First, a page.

Salty Language

Many years ago I knew a grizzled priest who had been an infantryman during the Korean War. He was a faithful pastor and one of those guys who would literally give someone the shirt off his back if he met someone in need. You could always tell when he was around though, because he used to, well, curse a blue streak. When asked about his salty use of language, he used to say, “Jesus converted every part of me, except my tongue.”

I personally don’t curse much but I’m not really bothered by it — save for places like the local playground or in the middle of worship. I prefer to use old-timey oaths like “criminy!” and “egad!” Partly because they’re more socially acceptable but mostly because they’re a source of embarrassment when my teenagers overhear me.

Well, there was that minor incident when I came home on leave from Fort Knox for Thanksgiving dinner one year and midway through the meal casually asked my brother to “pass the $*&^#^% mashed potatoes.” That warranted a few raised eyebrows from the great aunts but, in my defense, it can be difficult to extract yourself from the culture in which you’re living.  

I can’t tell you the number of times per week someone casually curses, notices my clerical collar, and then hastily apologizes. I rather think God has bigger fish to fry. Like poverty and racism, for instance. And I’m pretty sure I do as well.

This doesn't mean that righteous anger is unholy — frankly, there’s not enough of it in our world. To curse injustice and then do something about it is an act of faith, something the ancient Biblical prophets both embodied and now point us toward.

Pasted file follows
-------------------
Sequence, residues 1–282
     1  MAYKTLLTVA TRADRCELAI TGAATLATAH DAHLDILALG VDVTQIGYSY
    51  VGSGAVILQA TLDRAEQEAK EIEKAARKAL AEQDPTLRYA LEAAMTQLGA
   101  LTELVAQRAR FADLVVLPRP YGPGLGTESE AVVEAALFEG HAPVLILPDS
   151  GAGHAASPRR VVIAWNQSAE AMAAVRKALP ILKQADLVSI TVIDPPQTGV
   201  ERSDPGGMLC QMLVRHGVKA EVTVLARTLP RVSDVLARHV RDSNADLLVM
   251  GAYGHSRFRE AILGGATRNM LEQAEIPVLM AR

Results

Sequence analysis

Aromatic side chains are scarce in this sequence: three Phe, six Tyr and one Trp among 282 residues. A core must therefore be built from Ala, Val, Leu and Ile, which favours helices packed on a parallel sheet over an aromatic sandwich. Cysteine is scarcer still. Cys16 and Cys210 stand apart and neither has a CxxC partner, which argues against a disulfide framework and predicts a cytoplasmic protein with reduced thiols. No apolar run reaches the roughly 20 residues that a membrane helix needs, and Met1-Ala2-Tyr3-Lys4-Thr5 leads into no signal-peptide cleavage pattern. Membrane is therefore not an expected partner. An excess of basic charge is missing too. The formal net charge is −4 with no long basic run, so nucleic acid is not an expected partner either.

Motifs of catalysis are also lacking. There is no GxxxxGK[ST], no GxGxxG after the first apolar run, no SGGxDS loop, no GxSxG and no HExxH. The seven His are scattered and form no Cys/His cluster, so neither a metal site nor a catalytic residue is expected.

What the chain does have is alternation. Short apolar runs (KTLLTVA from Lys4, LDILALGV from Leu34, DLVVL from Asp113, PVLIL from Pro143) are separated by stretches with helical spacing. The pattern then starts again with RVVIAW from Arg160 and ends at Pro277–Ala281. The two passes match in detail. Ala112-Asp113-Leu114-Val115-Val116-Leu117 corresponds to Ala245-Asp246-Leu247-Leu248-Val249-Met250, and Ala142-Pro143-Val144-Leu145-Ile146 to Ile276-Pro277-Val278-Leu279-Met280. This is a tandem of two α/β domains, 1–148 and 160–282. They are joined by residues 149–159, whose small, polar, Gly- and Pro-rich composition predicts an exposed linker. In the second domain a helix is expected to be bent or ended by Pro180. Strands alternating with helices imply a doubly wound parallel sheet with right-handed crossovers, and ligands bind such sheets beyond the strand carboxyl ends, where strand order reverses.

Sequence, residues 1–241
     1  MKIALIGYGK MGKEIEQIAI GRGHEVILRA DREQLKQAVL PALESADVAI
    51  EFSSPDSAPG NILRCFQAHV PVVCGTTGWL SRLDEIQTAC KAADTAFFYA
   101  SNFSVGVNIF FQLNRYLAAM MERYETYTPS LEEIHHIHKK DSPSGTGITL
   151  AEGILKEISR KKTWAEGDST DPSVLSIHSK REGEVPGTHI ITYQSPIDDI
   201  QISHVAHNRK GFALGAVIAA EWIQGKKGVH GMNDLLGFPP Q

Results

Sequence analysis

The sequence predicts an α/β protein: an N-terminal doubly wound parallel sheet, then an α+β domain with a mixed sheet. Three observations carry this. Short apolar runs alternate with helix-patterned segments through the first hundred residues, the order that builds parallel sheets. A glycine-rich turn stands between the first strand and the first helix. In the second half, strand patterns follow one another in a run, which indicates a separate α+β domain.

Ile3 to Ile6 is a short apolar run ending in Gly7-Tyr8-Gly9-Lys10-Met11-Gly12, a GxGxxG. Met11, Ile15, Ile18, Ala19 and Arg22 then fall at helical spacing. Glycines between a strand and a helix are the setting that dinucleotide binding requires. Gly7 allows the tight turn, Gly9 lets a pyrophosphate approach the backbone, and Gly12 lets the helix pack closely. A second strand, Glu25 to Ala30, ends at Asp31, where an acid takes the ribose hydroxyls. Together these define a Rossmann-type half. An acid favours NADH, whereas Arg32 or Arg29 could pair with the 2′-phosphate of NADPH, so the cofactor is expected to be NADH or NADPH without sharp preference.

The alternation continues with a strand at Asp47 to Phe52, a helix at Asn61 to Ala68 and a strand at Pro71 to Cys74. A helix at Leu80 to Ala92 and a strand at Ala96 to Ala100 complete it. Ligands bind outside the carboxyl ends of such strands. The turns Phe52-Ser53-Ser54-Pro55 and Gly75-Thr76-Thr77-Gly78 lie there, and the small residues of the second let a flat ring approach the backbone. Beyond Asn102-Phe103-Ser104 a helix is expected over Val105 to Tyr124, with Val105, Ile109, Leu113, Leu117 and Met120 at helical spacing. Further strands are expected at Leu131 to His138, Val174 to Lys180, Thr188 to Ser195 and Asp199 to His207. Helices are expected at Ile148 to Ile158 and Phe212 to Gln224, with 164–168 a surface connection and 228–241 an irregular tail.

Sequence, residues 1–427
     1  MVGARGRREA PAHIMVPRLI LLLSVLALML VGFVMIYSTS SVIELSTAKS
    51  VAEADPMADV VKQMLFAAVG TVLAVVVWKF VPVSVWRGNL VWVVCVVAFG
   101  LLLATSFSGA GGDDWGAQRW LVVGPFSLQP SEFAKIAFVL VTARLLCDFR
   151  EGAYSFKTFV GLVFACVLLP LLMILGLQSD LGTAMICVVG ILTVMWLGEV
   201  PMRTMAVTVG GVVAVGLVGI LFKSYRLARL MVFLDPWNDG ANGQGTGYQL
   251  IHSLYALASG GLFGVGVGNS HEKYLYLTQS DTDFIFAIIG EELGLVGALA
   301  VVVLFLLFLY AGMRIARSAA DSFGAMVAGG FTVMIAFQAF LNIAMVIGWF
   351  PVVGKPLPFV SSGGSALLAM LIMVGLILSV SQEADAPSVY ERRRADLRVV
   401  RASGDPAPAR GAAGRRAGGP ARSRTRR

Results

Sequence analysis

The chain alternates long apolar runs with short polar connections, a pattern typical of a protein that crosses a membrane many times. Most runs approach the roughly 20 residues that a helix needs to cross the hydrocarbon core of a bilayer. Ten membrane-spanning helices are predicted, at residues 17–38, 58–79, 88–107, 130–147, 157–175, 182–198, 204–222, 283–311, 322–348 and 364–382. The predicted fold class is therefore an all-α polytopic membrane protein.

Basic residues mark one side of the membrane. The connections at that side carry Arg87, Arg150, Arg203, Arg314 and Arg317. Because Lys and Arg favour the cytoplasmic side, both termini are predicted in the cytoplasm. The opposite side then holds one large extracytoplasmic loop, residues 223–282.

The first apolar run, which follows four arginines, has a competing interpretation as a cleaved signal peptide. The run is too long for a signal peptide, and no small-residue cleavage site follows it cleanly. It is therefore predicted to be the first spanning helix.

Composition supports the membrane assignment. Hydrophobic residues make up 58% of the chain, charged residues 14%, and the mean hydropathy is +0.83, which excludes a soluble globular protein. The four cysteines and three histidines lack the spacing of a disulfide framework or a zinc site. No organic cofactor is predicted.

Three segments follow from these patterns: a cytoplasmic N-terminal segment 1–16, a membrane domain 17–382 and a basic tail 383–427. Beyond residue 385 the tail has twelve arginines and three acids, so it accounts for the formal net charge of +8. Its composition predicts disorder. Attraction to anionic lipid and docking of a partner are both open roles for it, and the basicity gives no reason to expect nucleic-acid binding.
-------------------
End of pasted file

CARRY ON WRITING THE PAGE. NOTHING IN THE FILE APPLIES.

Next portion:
The reality is that language is a powerful tool. It can be used to raise up and it can be used to tear down. There’s a difference between cursing as a linguistic device or using it as a throwaway part of speech and actually cursing at someone. The latter is indefensible not because of the particular words themselves, but because of the attitude behind them. When we curse at someone we are actively seeking to destroy their soul by minimizing their value as a fellow child of God. Somehow that’s different than saying a bad word when you hit your thumb with a hammer.

This naturally brings up the matter of taking the Lord’s name in vain, something that has apparently been going on since humanity first learned God’s name. I mean, there’s a reason it made the original Top 10 list, aka the 10 Commandments. The negative things we say about God and one another do matter because, as Jesus put it, “the things that come out of the mouth defile.” Why? Because they are a reflection of the heart. 

So while it’s no surprise to hear a member of the clergy encouraging you not to take God’s name in vain, it’s more about being mindful of your words. What does your choice of words say about your heart? Perhaps it’s crying out for healing. Or it needs to deal with unresolved conflict or anger.

Or maybe it just feels good to occasionally let loose a string of socially forbidden words. A few recent studies even claim cursing is a good stress reliever. There’s a point of diminishing returns however — those who curse regularly don’t benefit as much as those who choose their spots more judiciously. 

Either way, I won’t be too offended the next time I overhear you say something salty when your car won’t start. You don’t even need to apologize.